By Freida Marie Crump
Greetings from the Ridge.
Herb always says, “Freida, nobody wants to hear about our vacations.”
“People always ask about the trip, Herb.”
“They’re just being polite. It’s like saying, ‘How’s your health?’ It’s polite to ask, but no one wants to know.”
As usual, I don’t agree with him. I may not want to listen to all the details of your last knee replacement, but if you’ve had an adventure I’m all ears.
Herb and I took off with a group of daring folks on an Alaskan cruise this summer, and once you get me started on the wonders of our 50th state I’m hard to shut up.
In 2010 the State of Alaska slapped a tax on each cruiser saying they needed the money to improve their ports, but there’s been some doubt as to how the money was actually spent, so several cruise lines dropped Alaska from their itinerary. However, saner heads have prevailed and both the state and the cruise lines have decided to make nice. As a result, the number of folks traveling to see the whales and glaciers will approach one million this year.
There are those who pooh-pooh the idea of cruising, citing the large crowds on the megaships and the crowded ports, but if you take a look at the map of Alaska you’ll find that the only way to see some of state’s most beautiful sights is from the sea. If you’d like to spend two weeks driving to see a single Alaskan fishing village, have at it.
It had been some years since Herbie and I sailed Alaska’s Inside Passage and I noticed a few changes in the cruising industry. For one thing, most ships have done away with that silly midnight buffet. Good Lord, you spend your entire day eating. Who wants to bust your gut right before bedtime? And most Alaskan tours have cut back on their bingo games, finally discovering that when you have glaciers glowing on the starboard mountains and whales breaching on the port side, the cry of “Under the B! 29!” loses its thrill.
This summer I came to the conclusion that in addition to the Carnival, Princess, Disney and Celebrity cruise lines, someone should start up Purell Cruises. The cruising industry is so afraid of the norovirus that’s shut down many cruises that the typical ship today virtually floats on a sea of antibacterial gook. Herb and I never entered or left a buffet, dining hall, or theatre without being offered a squirt of the stuff by a crewmember in a fuzzy grizzly bear hat shouting, “Washy! Washy!” at us. In fact, the funniest sight on the ship occurred the night we went to the captain’s reception and were offered a germ-killing squirt as we came in the door, followed by the offer only three steps later of a glass of Champaign. It was hilarious watching folks trying to hang on to their slim-stemmed flutes of bubbly with Purell on their fingers.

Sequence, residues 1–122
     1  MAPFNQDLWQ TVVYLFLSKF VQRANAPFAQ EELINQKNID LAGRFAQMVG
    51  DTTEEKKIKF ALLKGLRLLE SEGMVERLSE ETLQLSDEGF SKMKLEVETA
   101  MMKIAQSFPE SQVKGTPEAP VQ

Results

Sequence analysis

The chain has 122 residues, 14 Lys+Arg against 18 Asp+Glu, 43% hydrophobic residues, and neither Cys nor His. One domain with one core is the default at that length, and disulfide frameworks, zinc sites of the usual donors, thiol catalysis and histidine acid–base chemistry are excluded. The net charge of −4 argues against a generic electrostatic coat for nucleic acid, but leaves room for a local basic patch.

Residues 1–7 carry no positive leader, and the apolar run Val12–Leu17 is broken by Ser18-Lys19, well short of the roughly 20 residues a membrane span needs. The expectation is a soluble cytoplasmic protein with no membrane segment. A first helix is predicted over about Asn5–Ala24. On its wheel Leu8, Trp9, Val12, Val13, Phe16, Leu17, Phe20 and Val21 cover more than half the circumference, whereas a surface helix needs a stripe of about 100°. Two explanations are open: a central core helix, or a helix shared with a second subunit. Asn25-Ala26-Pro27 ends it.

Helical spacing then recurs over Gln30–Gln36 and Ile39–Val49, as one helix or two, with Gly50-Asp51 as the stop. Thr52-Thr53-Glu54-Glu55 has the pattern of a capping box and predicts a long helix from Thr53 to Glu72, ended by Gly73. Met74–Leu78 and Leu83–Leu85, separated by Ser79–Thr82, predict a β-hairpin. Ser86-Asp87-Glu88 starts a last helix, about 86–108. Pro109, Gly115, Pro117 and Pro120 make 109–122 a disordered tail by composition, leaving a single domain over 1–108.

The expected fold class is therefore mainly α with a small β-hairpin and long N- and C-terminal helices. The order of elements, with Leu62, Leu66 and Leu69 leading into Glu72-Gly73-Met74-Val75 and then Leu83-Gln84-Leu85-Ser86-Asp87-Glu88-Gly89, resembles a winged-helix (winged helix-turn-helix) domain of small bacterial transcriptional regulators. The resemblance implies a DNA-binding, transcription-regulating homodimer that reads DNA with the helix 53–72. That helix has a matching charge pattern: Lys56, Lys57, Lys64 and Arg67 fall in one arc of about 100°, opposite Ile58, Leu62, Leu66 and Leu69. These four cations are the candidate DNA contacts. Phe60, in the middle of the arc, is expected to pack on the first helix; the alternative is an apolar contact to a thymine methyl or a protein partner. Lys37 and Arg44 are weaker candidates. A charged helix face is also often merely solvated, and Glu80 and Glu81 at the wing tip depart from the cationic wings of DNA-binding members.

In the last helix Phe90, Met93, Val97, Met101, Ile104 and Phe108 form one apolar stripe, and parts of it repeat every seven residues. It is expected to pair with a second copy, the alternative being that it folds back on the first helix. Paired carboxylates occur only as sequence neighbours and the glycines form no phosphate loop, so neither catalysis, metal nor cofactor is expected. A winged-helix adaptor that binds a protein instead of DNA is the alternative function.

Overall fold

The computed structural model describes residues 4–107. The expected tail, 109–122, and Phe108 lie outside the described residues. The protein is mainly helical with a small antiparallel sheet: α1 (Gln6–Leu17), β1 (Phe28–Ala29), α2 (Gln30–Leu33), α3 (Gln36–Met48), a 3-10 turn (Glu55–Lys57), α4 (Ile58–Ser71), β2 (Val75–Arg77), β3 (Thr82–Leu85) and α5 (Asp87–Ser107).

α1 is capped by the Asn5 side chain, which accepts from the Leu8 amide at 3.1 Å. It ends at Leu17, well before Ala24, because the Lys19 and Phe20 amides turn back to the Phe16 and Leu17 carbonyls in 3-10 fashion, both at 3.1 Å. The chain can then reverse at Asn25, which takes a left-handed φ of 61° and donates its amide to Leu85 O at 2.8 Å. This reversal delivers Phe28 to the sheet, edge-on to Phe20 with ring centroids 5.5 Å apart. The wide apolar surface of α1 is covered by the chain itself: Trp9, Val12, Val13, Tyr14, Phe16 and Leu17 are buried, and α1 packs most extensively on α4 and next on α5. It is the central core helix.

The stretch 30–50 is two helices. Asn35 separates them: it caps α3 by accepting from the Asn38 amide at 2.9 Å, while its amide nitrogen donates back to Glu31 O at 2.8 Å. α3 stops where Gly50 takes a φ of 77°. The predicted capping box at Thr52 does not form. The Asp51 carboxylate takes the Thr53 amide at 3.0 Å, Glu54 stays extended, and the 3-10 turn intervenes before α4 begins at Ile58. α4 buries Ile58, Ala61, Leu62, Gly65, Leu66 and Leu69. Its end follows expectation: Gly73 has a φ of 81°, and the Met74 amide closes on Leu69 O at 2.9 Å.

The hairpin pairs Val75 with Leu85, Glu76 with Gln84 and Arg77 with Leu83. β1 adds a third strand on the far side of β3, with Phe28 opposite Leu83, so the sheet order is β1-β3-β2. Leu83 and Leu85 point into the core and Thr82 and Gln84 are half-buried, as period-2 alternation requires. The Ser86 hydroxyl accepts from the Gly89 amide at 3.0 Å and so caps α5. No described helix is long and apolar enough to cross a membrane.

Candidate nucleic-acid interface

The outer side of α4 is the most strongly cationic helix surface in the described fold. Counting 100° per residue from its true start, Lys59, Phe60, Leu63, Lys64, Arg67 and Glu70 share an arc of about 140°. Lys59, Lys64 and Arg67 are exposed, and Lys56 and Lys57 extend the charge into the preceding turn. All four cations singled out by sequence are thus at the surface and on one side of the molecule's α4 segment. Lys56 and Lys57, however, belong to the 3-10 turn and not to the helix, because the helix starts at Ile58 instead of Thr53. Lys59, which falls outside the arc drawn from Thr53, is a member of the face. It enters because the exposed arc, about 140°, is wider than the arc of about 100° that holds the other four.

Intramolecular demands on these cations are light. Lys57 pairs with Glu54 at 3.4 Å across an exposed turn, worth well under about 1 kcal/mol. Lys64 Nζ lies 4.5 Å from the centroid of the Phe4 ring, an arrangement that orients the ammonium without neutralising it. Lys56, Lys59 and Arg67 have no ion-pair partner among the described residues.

There’s still no sight and experience in the world to match a cruise to Alaska, a place God made on the Thursday afternoon of Creation when He was in an especially good mood, but there are still a few improvements I’d like to pass along to the entire cruise industry. . . like the weight of their doors. I’m sure it’s some sort of safety feature but the heft of the average door on a cruise ship requires a heck of a lot more umph than the average geriatric cruiser can muster. More than once I came across some poor soul with her 90-pound frame frantically pushing against a door when someone shouted, “Whale!” And if you truly want me to get off the ship and see the town where we’ve docked, then make it easier to get back on without going through the infuriating strip search routine. Would a terrorist really choose the Lumberjack Show in Ketchikan, Alaska, to jump on the boat? Perhaps he’d use a chainsaw. And, if it’s not too much trouble, could you hold the ship still when I’m trying to climb out of the shower?
As I grow older my addictions grow fewer, but I doubt I’ll ever find a cure for my craving for one more shot of Alaska. When God made Ireland he was having a good day and when He created Hawaii the guy was hitting on all cylinders. But Alaska….well, the Almighty was just showing off.
You ever in Coonridge, stop by. We may not answer the door, but you’ll enjoy the trip.